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3 States To Ban Trump From The Ballot?

Special Poll

In a significant legal development, a Colorado-based judge has dismissed former President Donald Trump’s recent bid to quash a lawsuit aimed at preventing him from running for office in the 2024 elections. The lawsuit leverages the 14th Amendment, specifically its Section 3, which disqualifies individuals from holding public office if they have engaged in insurrection or rebellion against the United States.

Judge Sarah Wallace of the Colorado District Court issued a comprehensive 24-page decision, refuting Trump’s claim that only Congress has the authority to determine ballot eligibility. She also countered his assertion that state electoral bodies lack the jurisdiction to invoke the 14th Amendment’s Section 3. Judge Wallace clarified that states have the prerogative to apply this section under their own statutes, even without federal enforcement laws.

This judicial decision is particularly timely, as the trial is scheduled to commence on October 30. The lawsuit was initiated by the Citizens for Responsibility and Ethics in Washington (CREW), representing a coalition of six voters from Colorado. These voters, who identify as Republicans or independents, include individuals who have served in various governmental capacities. They contend that Trump’s purported involvement in the January 6, 2021, Capitol attack disqualifies him from future candidacy.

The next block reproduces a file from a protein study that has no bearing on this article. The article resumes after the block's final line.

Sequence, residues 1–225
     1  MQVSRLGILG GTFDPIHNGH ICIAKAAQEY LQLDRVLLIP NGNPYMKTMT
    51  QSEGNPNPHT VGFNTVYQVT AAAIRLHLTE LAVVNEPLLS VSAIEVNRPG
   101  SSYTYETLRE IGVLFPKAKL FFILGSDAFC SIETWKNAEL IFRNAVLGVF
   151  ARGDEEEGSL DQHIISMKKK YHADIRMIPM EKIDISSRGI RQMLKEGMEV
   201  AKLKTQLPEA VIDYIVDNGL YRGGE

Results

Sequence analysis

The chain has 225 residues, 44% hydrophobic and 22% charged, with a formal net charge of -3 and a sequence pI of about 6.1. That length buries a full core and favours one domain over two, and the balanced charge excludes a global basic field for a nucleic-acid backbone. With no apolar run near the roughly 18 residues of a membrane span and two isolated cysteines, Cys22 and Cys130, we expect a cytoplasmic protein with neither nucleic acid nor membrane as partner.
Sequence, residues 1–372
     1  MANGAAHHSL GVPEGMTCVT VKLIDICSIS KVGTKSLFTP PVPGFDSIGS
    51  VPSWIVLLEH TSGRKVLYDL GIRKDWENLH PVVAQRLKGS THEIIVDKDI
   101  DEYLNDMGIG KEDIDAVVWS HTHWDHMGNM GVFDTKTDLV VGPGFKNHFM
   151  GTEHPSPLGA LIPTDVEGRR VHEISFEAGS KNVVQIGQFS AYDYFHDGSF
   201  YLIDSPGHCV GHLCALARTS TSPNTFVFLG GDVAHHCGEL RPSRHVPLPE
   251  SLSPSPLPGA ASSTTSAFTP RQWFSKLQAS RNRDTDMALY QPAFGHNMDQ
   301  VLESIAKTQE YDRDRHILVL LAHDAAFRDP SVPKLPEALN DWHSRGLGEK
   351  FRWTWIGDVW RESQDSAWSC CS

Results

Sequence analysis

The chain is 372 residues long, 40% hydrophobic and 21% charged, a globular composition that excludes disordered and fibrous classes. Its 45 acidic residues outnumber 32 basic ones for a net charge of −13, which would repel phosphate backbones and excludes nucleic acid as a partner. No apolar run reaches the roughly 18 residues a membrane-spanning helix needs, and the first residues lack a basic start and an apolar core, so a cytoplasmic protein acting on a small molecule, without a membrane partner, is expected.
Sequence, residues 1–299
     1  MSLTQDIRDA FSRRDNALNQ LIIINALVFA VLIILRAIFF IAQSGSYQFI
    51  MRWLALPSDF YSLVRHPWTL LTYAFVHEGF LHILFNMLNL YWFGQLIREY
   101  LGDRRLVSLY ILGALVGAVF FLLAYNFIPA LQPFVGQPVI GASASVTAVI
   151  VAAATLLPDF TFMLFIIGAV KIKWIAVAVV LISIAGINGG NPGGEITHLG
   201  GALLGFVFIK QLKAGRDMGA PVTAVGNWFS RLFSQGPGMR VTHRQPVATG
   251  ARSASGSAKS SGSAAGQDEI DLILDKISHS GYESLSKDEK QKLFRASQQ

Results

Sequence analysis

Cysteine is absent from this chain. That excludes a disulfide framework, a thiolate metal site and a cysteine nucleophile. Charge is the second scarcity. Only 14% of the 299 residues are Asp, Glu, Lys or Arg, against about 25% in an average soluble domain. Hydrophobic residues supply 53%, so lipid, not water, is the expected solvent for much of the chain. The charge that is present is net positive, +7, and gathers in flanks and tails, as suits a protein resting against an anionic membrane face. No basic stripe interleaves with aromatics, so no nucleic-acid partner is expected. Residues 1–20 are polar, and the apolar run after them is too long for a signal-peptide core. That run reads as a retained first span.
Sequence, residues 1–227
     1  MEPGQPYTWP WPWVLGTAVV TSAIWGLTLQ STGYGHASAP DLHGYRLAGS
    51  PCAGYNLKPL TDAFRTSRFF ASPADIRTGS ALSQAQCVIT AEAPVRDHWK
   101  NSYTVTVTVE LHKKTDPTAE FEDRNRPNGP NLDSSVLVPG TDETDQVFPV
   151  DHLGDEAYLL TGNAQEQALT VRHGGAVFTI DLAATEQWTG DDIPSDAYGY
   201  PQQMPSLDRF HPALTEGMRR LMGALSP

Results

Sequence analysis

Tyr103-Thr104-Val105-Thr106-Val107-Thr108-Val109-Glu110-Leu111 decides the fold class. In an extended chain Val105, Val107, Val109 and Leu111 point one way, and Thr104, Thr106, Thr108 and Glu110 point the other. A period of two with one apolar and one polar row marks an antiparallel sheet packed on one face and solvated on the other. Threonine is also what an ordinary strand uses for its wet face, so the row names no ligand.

The lawsuit argues that Trump broke his oath of office by “actively promoting and inciting a violent crowd that assaulted the Capitol in a vain attempt to retain power.” This case is part of a broader legal discourse, supported by several scholars and legislators, asserting that Trump is ineligible to run for office due to his actions surrounding the Capitol attack.

Earlier in the month, Judge Wallace had also dismissed another attempt by Trump’s legal representatives to have the case thrown out, stating that their free-speech defense was inapplicable. Similar legal actions invoking the 14th Amendment’s Section 3 have been initiated in other states like Minnesota and Michigan.

Furthermore, Trump’s conduct on January 6 led to a House committee referring the matter to the Justice Department after a lengthy investigation involving numerous witnesses from Trump’s administration. Subsequently, Trump faced indictments from the Justice Department and in the state of Georgia for efforts to overturn the 2020 election outcome.

This case adds another layer to the complex legal challenges that Trump faces, and it could have far-reaching implications for his political future.

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